A profoundly moving and elegiac study of memory and past lives from the pen of the remarkable Valeria Luiselli, Faces in the Crowd drifts between Mexico City and New York with a sensuous intimacy. Weaving a dual narrative about a frustrated housewife and a bohemian poet from her personal history, this is a gem of contemporary world literature.
In the heart of Mexico City a woman, trapped in a house and a marriage she can neither fully inhabit nor abandon, thinks about her past. She has decided to write a novel about her days at a publishing house in New York; about the strangers who became lovers and the poets and ghosts who once lived in her neighbourhood. In particular, one of the obsessions of her youth - Gilberto Owen - an obscure Mexican poet of the 1920s, a marginal figure of the Harlem Renaissance, a busker on Manhattan's subway platforms, a friend and an enemy of Federico Garcia Lorca. As she writes, Gilberto Owen comes to life on the page: a solitary, faceless man living on the edges of Harlem's writing and drinking circles at the beginning of the Great Depression, haunted by the ghostly image of a woman travelling on the New York subway. Mutually distorting mirrors, their two lives connect across the decades between them, forming a single elegy of love and loss.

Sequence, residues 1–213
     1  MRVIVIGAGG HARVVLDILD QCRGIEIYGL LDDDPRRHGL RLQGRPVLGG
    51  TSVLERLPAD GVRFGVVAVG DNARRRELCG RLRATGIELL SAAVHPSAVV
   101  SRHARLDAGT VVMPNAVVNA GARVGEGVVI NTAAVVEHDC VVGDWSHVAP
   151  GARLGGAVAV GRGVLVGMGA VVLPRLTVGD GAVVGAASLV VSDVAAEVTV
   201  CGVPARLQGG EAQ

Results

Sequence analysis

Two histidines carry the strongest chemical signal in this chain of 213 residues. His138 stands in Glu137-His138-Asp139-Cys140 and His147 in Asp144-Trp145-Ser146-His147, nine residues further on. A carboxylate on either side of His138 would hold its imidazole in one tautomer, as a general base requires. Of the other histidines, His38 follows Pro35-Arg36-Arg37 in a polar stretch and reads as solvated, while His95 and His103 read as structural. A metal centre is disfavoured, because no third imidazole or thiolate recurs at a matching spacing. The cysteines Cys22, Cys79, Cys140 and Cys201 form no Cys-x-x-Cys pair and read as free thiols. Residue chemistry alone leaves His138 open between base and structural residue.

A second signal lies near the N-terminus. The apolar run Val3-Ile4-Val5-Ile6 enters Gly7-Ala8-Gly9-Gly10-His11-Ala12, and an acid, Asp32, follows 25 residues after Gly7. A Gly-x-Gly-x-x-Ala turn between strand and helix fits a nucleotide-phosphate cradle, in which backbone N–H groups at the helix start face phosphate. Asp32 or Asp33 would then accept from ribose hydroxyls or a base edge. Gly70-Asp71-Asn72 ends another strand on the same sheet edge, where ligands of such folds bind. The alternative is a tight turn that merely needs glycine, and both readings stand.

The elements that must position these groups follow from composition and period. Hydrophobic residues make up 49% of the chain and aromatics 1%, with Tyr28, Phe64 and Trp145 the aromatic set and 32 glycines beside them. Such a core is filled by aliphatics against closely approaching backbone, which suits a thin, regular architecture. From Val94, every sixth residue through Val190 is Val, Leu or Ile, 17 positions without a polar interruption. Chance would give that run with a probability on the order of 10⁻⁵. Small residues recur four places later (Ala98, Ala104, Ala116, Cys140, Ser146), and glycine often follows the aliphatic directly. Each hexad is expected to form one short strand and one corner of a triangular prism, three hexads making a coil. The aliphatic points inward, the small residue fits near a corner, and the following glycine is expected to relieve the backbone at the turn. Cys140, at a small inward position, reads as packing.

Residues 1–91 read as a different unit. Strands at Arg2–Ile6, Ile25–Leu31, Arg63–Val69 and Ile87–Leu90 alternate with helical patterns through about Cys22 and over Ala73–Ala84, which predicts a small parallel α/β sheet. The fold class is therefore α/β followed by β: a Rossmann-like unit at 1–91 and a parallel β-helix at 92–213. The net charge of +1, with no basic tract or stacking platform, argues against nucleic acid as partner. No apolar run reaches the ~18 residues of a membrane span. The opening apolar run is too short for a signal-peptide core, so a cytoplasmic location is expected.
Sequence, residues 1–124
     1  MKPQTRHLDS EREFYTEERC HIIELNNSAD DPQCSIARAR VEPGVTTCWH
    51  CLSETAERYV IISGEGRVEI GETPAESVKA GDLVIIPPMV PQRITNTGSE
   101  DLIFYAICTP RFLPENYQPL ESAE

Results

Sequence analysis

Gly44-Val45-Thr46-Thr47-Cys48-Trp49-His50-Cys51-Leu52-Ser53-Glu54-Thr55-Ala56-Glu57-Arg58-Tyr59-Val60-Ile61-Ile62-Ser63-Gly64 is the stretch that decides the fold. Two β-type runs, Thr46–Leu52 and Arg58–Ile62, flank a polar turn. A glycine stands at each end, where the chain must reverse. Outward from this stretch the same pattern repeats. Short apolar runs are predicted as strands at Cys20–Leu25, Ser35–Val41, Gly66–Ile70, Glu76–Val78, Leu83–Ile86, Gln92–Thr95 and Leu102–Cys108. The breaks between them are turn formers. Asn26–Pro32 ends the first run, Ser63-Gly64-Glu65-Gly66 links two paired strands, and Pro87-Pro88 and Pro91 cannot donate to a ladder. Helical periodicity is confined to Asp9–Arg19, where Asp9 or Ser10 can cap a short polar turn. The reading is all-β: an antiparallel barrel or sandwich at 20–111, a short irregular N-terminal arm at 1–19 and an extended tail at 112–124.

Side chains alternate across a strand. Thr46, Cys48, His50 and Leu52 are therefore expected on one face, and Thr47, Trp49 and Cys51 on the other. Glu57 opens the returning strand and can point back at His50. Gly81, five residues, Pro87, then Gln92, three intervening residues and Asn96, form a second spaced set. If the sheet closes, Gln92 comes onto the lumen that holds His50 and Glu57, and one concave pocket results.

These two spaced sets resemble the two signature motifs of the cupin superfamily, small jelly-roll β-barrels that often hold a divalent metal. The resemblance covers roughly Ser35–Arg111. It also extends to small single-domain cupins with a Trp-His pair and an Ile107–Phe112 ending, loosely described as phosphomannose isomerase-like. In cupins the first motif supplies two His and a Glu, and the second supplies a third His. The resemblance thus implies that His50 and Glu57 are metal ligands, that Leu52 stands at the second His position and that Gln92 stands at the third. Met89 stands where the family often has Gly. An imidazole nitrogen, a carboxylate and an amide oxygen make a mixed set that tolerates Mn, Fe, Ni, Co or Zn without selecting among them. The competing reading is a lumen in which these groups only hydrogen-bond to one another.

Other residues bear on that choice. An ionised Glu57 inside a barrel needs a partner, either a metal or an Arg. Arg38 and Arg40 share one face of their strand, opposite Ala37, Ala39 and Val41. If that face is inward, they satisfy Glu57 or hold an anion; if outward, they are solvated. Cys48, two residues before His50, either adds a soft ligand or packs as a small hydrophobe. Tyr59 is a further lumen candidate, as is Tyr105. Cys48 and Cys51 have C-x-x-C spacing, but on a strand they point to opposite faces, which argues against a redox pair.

Publisher: Granta Books
Number of pages: 160
Weight: 119 g
Dimensions: 198 x 129 x 9 mm
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